Springbok rugby captain Siya Kolisi with the Webb Ellis trophy at OR Tambo Airport in Joburg last month after the team’s World Cup victory. Photo: Themba Hadebe/AP

CAPE TOWN - South Africa found an unexpected pot of gold to rekindle belief in the Rainbow Nation after a thrilling trophy success at the Rugby World Cup in Japan with a team captained by unlikely hero Siya Kolisi.

Kolisi’s rise from rags to riches is a story that has been often told, but remains one of the more unlikely triumphs of the 2019 sporting year as he led a resurgent Springbok side to the global title to go with their first Rugby Championship victory in a decade under the excellent tutelage of coach Rassie Erasmus.

The Boks beat England 32-12 in the final in Yokohama as their powerful scrum and potent forwards subdued Eddie Jones’ side to become, statistically at least, the most successful rugby nation with three World Cup wins from seven appearances.

New Zealand have the same number of victories, but have competed in two more tournaments.

The Boks returned home to a heroes’ welcome, with hundreds of thousands of fans spilling into the streets on a five-day trophy tour that included Kolisi’s former township of Zwide, bringing with it a sense of national unity last seen when the Boks won the 1995 title against the odds.

"We have so many problems in our country but a team like this, we come from different backgrounds, different races but we came together with one goal and we wanted to achieve it," Kolisi said.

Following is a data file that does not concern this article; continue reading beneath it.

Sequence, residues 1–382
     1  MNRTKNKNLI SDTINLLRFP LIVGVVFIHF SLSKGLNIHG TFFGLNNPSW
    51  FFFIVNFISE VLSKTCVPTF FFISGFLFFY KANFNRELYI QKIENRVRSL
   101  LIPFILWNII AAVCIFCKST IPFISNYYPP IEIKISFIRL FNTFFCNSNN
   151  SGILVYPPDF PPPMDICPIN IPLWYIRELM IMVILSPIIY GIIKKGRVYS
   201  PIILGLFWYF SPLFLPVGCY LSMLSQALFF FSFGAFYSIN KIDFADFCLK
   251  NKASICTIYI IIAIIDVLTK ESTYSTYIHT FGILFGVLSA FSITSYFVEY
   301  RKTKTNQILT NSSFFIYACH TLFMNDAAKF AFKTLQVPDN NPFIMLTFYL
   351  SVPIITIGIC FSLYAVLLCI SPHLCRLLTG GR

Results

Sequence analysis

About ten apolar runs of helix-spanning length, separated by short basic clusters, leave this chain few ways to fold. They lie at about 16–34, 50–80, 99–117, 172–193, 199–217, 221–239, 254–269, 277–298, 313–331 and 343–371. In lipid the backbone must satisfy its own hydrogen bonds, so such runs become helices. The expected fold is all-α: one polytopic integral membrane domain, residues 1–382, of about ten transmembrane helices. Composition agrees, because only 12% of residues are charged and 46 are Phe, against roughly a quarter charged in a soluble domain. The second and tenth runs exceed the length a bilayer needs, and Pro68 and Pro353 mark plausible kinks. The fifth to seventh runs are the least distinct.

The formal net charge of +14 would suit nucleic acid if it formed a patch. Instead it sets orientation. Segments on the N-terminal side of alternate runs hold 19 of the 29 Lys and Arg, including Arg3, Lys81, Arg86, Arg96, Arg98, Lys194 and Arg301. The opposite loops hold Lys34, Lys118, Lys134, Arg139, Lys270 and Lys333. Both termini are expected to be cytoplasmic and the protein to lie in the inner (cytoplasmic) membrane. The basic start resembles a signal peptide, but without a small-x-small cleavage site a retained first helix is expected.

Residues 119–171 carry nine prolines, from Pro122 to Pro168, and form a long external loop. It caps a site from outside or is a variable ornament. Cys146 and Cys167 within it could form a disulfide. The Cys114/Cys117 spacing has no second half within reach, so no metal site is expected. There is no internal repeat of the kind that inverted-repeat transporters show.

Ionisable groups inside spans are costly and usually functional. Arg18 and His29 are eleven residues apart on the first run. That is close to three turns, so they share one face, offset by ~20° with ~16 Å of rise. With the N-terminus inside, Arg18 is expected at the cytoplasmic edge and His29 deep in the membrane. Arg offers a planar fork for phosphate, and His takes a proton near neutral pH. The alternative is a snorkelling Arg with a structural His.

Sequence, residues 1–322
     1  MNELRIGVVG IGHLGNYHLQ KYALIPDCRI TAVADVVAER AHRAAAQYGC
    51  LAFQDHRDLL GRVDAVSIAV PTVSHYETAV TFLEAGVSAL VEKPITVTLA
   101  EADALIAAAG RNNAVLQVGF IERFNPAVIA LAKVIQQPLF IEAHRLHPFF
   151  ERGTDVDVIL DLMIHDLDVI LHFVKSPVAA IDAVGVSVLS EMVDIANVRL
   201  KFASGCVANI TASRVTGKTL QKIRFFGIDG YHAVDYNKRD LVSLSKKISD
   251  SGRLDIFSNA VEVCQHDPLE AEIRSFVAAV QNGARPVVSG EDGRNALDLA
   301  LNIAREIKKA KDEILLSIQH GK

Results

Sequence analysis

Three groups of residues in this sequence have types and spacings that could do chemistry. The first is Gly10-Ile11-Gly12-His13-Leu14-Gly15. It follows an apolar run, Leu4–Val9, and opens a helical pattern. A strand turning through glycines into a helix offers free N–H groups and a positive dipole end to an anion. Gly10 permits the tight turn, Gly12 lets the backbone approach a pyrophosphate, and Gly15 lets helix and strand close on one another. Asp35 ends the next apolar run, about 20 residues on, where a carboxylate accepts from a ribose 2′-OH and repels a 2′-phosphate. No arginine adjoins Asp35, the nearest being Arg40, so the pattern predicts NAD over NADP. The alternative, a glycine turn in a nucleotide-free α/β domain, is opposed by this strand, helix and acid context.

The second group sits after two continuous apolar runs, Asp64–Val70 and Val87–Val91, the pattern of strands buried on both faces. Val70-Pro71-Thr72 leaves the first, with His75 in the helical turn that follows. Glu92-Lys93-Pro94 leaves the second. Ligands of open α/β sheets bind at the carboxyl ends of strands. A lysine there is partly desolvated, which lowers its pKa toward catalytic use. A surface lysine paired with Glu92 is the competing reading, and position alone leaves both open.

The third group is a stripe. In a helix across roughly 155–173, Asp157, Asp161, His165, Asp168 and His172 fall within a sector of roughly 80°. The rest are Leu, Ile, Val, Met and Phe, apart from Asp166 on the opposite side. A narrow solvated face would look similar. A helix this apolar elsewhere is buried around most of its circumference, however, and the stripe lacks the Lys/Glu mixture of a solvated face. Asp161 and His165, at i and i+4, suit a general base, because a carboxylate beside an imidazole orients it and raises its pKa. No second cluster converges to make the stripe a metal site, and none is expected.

Siya Kolisi flipped the switch to turn on the light on at the Moët & Chandon Golden Tree Lighting Ceremony at the Silo District in the V&A Waterfront recently. Photo: Armand Hough/African News Agency (ANA)
Siya Kolisi flipped the switch to turn on the light on at the Moët & Chandon Golden Tree Lighting Ceremony at the Silo District in the V&A Waterfront recently. Photo: Armand Hough/African News Agency (ANA)

New Zealand had to settle for the bronze medal, while Six Nations, and Grand Slam, winners Wales finished fourth.

All Blacks head coach Steve Hansen had already announced his departure from the his position prior to the World Cup and was been replaced by assistant Ian Foster, while Michael Cheika (Australia), Warren Gatland (Wales) and Joe Schmidt (Ireland) also left their posts.

Rugby Australia’s difficult year was compounded as they sacked one of their key players ahead of the tournament in full-back Israel Folau after a social media post that caused widespread anger.

Folau, a fundamentalist Christian, had his four-year contract torn up in May for posting a meme that said hell awaits "drunks, homosexuals, adulterers" and other groups.

He eventually settled his unfair dismissal case with RA, which issued a statement saying: "Mr Folau did not intend to hurt or harm the game of rugby and acknowledges and apologises for any hurt or harm caused."

Folau was delighted with the settlement and added he and his wife felt vindicated and could now "move on with our lives".

Israel Folau arrives for a conciliation hearing at the Fair Work Commission in Sydney. Photo: Reuters

Another battle away from the pitch saw English Premiership champions Saracens fined 5.36 million pounds and handed a 35-point penalty for breaches of salary cap regulations and failing to disclose payments in each of the past three seasons.

"We have made mistakes and so, with humility, we must accept these penalties. As a club, we will now pull together and meet the challenges that lie ahead," Saracens chairman Nigel Wray said.

Saracens also claimed the European Champions Cup, while New Zealand's Crusaders were Super Rugby winners. 

Reuters